On 16 August 2019, the Upper Tribunal published its decision about a Chief Operating Officer of the Wealth Division at a major bank (the COO). The Tribunal found that the COO had failed to act with integrity (in breach of Statement of Principle 1), but that the prohibition order imposed by the FCA was not merited.

In 2012, the COO received a document containing criticisms about the culture within a branch of the bank’s Wealth Division in the US (the Branch), which had been prepared by a third party consultancy firm following a number of employee interviews (the Document). The Document was sent to the COO in hard copy by a firm of consultants that had been engaged to review the culture within the Branch.

The FCA maintained that the COO deliberately or recklessly made false or misleading statements and omitted material information about the Document, including: (a) in drafting a note for the CEO of the Wealth Division to send to the bank’s senior management in response to anonymous allegations that a ‘wealth cultural audit report’ had been suppressed (the Note); and (b) in connection with a response to a request made by the Federal Reserve Bank of New York (the Federal Reserve) for a copy of a document relating to a cultural audit.

During the Upper Tribunal hearing in January 2018, a number of submissions were made on behalf of the COO around the cogency, reliability and credibility of the evidence relied on by the FCA.  For example, the FCA sought to rely on emails and notes written by the Global General Counsel of Wealth at the relevant time (the GCC), together with covert tape recordings made by him and the GCC’s answers to questions in interviews conducted by Simmons & Simmons in circumstances where he did not provide a witness statement and was not available for cross examination. It is interesting to note that the Upper Tribunal concluded that it could not accept this evidence unless it was corroborated or accepted by the COO.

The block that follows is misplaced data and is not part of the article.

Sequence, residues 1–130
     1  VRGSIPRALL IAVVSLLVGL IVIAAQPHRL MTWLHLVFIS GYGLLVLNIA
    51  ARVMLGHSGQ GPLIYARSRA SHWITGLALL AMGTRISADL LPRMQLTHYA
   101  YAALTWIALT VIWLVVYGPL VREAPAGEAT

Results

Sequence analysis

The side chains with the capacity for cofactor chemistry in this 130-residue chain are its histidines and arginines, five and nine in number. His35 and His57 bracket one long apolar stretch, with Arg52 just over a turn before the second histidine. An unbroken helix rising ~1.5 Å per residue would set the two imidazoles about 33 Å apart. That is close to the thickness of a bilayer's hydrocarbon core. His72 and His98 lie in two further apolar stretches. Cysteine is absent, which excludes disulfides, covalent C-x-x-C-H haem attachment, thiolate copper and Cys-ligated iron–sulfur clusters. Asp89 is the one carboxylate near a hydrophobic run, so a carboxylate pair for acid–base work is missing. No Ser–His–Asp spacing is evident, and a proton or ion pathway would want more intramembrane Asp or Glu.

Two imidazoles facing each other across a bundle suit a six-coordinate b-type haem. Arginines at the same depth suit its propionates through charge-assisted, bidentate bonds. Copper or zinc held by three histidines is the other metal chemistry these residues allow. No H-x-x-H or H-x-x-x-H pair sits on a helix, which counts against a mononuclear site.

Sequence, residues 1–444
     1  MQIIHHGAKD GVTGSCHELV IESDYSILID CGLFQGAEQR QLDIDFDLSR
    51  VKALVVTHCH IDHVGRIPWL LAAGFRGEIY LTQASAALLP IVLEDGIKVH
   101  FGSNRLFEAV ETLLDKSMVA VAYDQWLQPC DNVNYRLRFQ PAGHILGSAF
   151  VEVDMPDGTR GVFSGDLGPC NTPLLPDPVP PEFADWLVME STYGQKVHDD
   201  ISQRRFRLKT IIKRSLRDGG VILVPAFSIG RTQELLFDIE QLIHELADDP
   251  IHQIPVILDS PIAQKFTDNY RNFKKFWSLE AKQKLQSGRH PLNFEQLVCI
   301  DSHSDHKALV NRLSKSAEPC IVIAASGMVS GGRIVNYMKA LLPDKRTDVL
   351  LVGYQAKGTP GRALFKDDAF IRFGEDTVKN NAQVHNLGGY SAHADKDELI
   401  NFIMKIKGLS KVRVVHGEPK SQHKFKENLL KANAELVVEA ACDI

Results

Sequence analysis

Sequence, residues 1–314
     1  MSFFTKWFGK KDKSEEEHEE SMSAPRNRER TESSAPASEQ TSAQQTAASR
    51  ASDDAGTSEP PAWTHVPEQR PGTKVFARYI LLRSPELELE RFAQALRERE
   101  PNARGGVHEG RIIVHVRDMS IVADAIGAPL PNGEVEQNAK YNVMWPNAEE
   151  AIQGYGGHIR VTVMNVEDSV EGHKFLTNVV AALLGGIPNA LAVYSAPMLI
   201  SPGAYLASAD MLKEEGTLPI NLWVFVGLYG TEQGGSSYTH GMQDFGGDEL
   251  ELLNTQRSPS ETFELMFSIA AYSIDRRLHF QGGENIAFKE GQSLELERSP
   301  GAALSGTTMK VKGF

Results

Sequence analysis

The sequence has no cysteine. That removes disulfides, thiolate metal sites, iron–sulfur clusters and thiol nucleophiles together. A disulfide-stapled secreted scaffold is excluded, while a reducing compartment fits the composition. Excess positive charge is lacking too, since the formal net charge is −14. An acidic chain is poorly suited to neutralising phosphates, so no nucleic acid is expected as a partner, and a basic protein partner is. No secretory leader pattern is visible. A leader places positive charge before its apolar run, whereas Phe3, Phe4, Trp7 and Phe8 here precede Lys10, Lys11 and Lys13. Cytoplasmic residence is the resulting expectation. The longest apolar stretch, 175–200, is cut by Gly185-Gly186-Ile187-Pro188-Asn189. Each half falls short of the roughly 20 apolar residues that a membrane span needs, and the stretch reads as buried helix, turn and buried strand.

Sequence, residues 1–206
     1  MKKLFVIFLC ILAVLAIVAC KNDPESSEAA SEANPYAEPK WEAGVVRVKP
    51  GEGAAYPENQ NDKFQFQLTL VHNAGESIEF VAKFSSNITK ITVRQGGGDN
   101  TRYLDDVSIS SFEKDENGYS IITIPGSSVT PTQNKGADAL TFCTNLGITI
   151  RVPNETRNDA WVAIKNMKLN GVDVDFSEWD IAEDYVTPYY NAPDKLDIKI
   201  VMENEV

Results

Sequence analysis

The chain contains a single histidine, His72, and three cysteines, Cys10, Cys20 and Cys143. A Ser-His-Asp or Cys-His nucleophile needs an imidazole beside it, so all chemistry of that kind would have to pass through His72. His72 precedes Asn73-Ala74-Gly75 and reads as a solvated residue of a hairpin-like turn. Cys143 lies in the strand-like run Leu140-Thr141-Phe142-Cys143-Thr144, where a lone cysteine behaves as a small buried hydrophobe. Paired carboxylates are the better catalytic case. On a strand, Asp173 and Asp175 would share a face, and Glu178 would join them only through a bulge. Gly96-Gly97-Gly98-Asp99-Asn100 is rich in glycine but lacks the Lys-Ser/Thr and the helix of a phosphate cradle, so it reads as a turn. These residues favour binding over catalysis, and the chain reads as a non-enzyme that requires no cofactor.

(a) The Note

The COO assisted in preparing various drafts of the Note. The second draft stated that the consultants provided verbal input at a workshop, and that a “wealth cultural audit report” had “never” been produced “at any time”. The third draft of the Note did not contain this statement, but did state that the consultants provided “verbal input by reference to their interview notes and working papers”.   During the Tribunal proceedings, the COO maintained that he had explicitly rejected the consultants’ proposal to conduct a more wide ranging cultural audit and that he had never requested that they prepare the Document.  The Upper Tribunal found, however, that the COO had engaged the consultants to conduct a culture audit on the basis that this term had been used in emails sent by the COO at the time.  It found that the COO must have appreciated that there was a risk that a person with no previous knowledge of the events could have understood his drafting to mean that no document had been produced by the consultants.

The Tribunal found that a lack of integrity does not necessarily equate to dishonesty. It noted that while a person who acts dishonestly is obviously also acting without integrity, a person may lack integrity without being dishonest. It highlighted that one example of a lack of integrity not involving dishonesty is recklessness as to the truth of statements made to others who will or may rely on them, or wilful disregard of information contradicting the truth of such statements.  The Tribunal did not consider the FCA had established, on the balance of probabilities, that the COO had deliberately intended to give a misleading impression that the third party consultancy firm had never issued a report.  It did, however, find that the COO had been reckless in preparing the second and third drafts of the Note as to whether it gave accurate information and in particular, that it might give the impression that the Document never existed. It noted that the COO was prepared to take the risk that the recipients of the Note would never know about the existence of the Document.  Given this, the Tribunal upheld the FCA’s decision that the COO had acted without integrity (but not that he had acted dishonestly).